disseminate

verb
dis·​sem·​i·​nate | \ di-ˈse-mə-ˌnāt How to pronounce disseminate (audio) \
disseminated; disseminating

Definition of disseminate

transitive verb

1 : to spread abroad as though sowing seed disseminate ideas
2 : to disperse throughout

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Other Words from disseminate

disseminator \ -​ˈse-​mə-​ˌnā-​tər How to pronounce disseminator (audio) \ noun

Disseminating Information on Disseminate

While the object of the verb disseminate may be something tangible, such as an infectious agent, nowadays the thing most often disseminated, or "spread abroad as though sowing seed," is information. Where does this metaphorical verb come from? In Latin, the dis- prefix signifies separation or dispersal, while the -sem- element springs from semen "seed." The same Latin noun is found in a number of other English words with figurative meanings: seminary (which now is a training facility for priests, but initially was a place where seeds were raised to plants), seminal (meaning "containing the seeds of later development"), and yes, the word semen.

Examples of disseminate in a Sentence

He told me that as Commanding General [General David Petraeus] he believes he should not only direct battlefield action but also disseminate a few easy-to-grasp concepts about the war's prosecution, which subordinate officers can then interpret on their own. — Steve Coll, New Yorker, 8 Sept. 2008 Jefferson helped found and back a friendly newspaper, the National Gazette, to help disseminate his views. — Walter Kim, Time, 5 July 2004 In this case, the filmmakers did not prevent information from being disseminated. And they have no greater moral obligation than do the highly paid Tom Brokaw or Dan Rather to help a TV network keep down its costs. — Randy Cohen, New York Times Magazine, 7 Oct. 2001 Although possession of virus software and source code is not illegal, many of the existing state and federal computer intrusion and unauthorized access laws already make it illegal to introduce a virus into someone's system intentionally. Robert Morris's conviction … shows how the existing laws might be used to punish those involved with disseminating viruses. — Edward A. Cavazos et al., Cyberspace And The Law, 1994 The Internet allows us to disseminate information faster. The findings were widely disseminated.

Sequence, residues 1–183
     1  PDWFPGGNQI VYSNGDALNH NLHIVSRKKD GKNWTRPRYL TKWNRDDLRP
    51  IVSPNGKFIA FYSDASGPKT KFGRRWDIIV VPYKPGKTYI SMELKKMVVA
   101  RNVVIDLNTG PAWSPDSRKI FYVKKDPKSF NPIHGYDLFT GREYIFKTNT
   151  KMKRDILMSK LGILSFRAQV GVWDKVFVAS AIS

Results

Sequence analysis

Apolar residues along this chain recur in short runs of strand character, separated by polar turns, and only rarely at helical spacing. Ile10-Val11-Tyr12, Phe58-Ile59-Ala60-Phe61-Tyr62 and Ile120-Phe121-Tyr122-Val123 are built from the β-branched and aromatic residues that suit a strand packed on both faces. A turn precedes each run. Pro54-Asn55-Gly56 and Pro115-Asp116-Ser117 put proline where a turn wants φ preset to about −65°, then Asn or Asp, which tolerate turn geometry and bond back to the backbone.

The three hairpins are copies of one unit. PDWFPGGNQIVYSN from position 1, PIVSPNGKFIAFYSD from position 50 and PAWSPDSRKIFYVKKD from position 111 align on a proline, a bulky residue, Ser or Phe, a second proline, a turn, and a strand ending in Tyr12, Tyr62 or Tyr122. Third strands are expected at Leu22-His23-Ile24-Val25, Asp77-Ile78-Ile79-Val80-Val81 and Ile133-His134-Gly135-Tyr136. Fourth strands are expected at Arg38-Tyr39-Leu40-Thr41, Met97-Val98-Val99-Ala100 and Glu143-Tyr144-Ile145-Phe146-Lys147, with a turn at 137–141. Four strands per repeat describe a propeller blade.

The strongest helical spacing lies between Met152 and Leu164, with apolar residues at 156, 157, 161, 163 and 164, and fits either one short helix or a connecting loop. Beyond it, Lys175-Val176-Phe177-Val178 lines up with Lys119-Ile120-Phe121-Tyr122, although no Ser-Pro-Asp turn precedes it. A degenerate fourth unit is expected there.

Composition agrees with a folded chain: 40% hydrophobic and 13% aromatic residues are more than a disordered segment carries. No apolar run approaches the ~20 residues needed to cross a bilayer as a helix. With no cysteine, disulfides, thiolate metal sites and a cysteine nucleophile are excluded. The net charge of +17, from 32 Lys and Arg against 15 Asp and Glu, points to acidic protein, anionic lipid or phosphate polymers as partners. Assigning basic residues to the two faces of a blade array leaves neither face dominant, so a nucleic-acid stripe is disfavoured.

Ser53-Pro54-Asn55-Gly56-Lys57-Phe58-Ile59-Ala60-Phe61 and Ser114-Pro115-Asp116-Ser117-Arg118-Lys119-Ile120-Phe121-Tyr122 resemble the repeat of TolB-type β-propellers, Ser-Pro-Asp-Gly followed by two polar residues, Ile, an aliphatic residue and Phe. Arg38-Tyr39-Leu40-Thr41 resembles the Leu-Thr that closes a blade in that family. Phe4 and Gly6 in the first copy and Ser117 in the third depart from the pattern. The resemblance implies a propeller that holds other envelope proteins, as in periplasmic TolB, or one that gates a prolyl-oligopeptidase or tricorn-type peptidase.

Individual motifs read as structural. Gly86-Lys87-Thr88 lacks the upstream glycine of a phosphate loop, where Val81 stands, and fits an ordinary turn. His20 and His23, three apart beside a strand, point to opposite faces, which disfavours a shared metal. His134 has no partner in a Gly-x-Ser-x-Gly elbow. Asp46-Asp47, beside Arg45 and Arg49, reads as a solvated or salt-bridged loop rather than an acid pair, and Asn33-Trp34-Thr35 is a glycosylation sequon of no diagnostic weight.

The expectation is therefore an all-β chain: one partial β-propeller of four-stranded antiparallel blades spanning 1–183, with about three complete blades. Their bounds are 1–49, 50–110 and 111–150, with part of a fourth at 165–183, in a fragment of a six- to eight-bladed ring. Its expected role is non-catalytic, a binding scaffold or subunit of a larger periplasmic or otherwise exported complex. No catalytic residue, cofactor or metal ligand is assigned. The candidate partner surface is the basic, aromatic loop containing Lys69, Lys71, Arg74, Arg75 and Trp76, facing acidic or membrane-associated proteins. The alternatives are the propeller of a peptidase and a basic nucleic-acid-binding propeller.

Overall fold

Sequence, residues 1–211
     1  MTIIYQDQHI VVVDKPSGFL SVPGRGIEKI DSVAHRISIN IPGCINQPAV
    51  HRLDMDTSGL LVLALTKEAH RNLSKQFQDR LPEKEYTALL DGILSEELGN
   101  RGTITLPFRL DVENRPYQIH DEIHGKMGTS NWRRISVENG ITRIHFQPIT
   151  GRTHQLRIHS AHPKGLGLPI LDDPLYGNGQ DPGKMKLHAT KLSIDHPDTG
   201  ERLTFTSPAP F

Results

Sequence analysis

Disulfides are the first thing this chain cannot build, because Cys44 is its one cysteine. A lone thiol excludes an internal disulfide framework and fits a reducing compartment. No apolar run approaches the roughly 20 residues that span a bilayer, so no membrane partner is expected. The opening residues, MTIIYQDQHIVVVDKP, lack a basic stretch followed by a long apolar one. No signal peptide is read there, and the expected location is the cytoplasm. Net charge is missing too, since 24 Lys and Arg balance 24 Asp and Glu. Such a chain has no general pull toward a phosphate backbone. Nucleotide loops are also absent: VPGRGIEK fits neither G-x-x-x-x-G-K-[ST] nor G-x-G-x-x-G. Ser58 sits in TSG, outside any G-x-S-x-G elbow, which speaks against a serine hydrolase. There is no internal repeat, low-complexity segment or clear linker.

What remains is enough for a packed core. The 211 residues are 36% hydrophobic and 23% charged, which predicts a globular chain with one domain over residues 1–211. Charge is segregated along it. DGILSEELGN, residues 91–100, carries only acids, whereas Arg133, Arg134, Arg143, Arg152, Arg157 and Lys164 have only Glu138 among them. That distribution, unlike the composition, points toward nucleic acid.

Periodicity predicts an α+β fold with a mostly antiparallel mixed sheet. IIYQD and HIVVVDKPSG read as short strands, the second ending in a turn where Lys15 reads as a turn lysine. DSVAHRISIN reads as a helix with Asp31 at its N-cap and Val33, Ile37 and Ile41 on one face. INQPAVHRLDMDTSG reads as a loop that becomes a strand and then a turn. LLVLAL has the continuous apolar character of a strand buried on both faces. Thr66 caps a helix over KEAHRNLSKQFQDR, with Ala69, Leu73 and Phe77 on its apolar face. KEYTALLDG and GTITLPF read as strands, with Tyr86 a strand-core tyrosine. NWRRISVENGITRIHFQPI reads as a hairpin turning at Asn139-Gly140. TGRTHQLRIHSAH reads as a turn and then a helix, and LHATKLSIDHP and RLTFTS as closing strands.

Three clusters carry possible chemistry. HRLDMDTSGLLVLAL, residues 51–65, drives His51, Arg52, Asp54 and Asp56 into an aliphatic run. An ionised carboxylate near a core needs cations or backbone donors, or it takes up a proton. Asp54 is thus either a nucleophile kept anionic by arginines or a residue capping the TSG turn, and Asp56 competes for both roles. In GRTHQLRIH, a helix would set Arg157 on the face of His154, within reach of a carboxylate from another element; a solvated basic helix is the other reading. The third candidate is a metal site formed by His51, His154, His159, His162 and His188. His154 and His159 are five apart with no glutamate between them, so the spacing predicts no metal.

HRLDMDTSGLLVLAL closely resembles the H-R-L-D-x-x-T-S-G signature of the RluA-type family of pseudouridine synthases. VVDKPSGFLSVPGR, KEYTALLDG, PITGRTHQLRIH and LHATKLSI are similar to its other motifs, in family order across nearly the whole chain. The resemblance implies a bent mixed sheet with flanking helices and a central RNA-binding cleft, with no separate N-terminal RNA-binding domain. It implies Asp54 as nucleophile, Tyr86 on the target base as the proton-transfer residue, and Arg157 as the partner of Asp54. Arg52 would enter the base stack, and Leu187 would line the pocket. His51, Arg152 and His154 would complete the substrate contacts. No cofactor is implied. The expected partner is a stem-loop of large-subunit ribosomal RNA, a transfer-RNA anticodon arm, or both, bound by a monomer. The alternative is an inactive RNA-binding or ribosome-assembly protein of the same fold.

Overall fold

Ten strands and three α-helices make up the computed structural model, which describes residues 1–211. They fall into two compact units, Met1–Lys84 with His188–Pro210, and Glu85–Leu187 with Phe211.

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Recent Examples on the Web Mazeh said violators would be penalized with a one-year suspension and asked the Information Ministry to disseminate the order. Washington Post, "Lebanese judge bans media from interviewing US ambassador," 27 June 2020 Schwitzer cautions journalists and those who disseminate information to take the time to do it right. Dr. Sanjay Gupta, CNN, "Science by press release: When the story gets ahead of the science," 27 June 2020 In previous years, firefighters would gather for communal meals at large tables, and a 7:00 a.m. briefing, but to reduce crowding, Cal Fire plans to disseminate information and meals in shifts. Sarah Gibbens, National Geographic, "COVID-19 complicates an already dire wildfire season," 26 June 2020 My old college friend Namita Dodeja told me that some of her family members were using social media to disseminate fake news that blamed Muslims for the spread of the coronavirus. Khushbu Shah, The Atlantic, "When Your Family Spreads Misinformation," 16 June 2020 Due to privacy laws, the University will not disseminate information regarding specific individuals and their health. Dallas News, "Texas Tech confirms positive coronavirus tests in athletics program," 15 June 2020 Activist groups would announce rallies on social media, and other activists would compile and disseminate the information. Emily Witt, The New Yorker, "Protesting Past Curfew in New York City," 4 June 2020 The difference in many cases is that smartphones and social media can capture and disseminate these incidents to help tell stories that were often missed or underreported. Eve M. Hall, Milwaukee Journal Sentinel, "Opinion: Milwaukee Urban League president calls for improved race relations and more equity for people of color," 2 June 2020 Because these critics presume that this power to disseminate and bestow legitimation upon opinions is enormous, amounting to far more than merely declaring the opinion worth taking seriously. Damon Linker, TheWeek, "When journalists stop believing in debate," 4 June 2020

These example sentences are selected automatically from various online news sources to reflect current usage of the word 'disseminate.' Views expressed in the examples do not represent the opinion of Merriam-Webster or its editors. Send us feedback.

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First Known Use of disseminate

1566, in the meaning defined at sense 1

History and Etymology for disseminate

Latin disseminatus, past participle of disseminare, from dis- + seminare to sow, from semin-, semen seed — more at semen

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Time Traveler for disseminate

Time Traveler

The first known use of disseminate was in 1566

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Statistics for disseminate

Last Updated

30 Jun 2020

Cite this Entry

“Disseminate.” Merriam-Webster.com Dictionary, Merriam-Webster, https://www.merriam-webster.com/dictionary/disseminate. Accessed 3 Jul. 2020.

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More Definitions for disseminate

disseminate

verb
How to pronounce disseminate (audio)

English Language Learners Definition of disseminate

formal : to cause (something, such as information) to go to many people

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Comments on disseminate

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